I’m writing to the October that slips from my grip.
Not the collection of days that sulk in the belly of the year,
where we harvest our hopes for the winter to come.
Not those orange weeks filled with idle worship.
But to the cradle that Anne of Green Gables told me to hold so closely.
The way that your air, rich with manure, swaddled me slowly as I tumbled through the suburbs to the tops of stone temples.
Their dedication lost to running shoes and my last slice of birthday cake,
napkin wrapped and nestled between penknife and paper.
Hunched over fog and faerie houses we divided and shared a feast in thirds.
Your carnivorous nights that, once the day melts away,
are stripped down to nothing but a buttermilk moon.
The very same moon that my daughter’s daughter will summer under by the October seashore. Sun shaded by the aeroplanes just close enough to caress.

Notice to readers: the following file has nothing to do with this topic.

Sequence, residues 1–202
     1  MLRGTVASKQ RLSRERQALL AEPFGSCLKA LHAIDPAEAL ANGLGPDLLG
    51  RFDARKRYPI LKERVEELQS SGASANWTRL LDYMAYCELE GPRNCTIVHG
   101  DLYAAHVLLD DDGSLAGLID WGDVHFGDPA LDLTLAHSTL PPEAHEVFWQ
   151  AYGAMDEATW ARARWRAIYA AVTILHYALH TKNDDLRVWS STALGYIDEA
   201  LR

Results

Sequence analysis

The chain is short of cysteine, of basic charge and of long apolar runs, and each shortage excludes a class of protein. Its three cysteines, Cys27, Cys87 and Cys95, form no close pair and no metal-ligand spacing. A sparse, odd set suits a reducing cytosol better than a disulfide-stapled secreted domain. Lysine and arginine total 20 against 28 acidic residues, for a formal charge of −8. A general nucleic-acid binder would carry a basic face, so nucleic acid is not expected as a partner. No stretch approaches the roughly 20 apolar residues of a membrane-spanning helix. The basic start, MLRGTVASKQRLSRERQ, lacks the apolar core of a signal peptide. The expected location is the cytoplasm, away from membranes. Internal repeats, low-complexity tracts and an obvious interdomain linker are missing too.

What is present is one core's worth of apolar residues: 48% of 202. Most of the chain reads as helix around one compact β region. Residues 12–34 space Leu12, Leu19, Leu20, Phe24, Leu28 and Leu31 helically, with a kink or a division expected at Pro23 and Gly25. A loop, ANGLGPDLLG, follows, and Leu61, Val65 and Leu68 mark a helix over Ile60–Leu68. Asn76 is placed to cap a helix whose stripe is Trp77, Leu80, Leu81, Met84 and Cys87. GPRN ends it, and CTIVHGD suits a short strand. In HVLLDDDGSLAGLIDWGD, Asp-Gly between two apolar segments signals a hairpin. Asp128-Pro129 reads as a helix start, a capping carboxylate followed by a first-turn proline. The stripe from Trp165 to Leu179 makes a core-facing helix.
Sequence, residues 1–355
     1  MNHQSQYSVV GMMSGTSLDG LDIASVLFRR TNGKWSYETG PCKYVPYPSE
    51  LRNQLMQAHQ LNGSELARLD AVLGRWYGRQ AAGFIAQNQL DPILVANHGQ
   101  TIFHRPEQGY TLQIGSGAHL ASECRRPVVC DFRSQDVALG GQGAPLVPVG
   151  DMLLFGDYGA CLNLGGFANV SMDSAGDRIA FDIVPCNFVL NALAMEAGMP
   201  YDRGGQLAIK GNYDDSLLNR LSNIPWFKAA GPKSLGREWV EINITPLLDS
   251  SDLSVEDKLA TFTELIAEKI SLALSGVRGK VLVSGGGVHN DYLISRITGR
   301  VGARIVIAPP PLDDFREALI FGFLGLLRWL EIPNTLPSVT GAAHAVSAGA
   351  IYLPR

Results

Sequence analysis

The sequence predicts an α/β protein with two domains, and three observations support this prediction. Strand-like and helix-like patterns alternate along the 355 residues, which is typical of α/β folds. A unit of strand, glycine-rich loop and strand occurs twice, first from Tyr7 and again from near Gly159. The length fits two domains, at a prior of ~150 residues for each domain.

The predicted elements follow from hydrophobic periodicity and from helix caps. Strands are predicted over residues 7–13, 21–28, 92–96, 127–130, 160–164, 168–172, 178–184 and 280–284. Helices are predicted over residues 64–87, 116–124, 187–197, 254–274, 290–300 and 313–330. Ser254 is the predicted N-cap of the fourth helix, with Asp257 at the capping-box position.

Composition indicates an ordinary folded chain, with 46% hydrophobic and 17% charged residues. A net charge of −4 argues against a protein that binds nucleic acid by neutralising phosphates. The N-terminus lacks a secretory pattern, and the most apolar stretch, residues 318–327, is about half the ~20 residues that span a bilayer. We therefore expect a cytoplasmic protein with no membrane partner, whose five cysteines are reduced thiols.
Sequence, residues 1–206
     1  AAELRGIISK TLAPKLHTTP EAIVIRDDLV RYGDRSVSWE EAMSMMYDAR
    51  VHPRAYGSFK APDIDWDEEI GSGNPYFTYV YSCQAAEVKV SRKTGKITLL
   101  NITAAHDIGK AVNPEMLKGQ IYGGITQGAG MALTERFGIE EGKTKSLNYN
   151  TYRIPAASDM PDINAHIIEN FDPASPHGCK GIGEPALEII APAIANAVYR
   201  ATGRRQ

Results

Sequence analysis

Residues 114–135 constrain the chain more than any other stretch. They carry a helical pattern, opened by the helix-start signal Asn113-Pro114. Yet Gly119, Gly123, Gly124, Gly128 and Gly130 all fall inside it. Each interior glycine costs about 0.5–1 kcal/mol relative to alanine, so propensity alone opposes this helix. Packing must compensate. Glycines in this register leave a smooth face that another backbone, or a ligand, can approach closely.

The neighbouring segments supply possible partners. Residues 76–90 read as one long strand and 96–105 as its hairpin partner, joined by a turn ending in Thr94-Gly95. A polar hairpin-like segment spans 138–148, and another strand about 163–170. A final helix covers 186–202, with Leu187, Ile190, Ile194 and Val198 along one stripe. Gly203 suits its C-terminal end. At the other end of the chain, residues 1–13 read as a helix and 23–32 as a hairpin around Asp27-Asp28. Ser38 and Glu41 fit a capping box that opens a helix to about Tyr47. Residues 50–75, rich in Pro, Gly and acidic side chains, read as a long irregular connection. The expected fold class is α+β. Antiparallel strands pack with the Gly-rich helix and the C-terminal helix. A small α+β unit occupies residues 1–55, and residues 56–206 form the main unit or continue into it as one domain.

Returning home from long days lapping up the milk from the milky way.
I’ll miss your mornings suspended in cable knit tights.
The feel of your fraying hands across the fibre optics of my skin
as I’d fail to ready myself for each differing day
of venturing, tupperware in hand, to collect your post-September delights.
We’ll reminisce about your unmoving red streak in the sky
as we bite into frosted figs and winter stone fruits.
All these that felt precious at a time when we farmed what didn’t terrify us.
Before mountains became nothing but silhouettes of sunken clouds,
when we simply let the tsunami-esque sleeping giants lie.
In your absence I lie alone, not yet cold.
I’ve spent the nights that once were yours pacing across paper cut-outs,
darning the days from November to nine.
Forever wondering why only in the cover of your darkest hours I always felt so seen. 30/11/22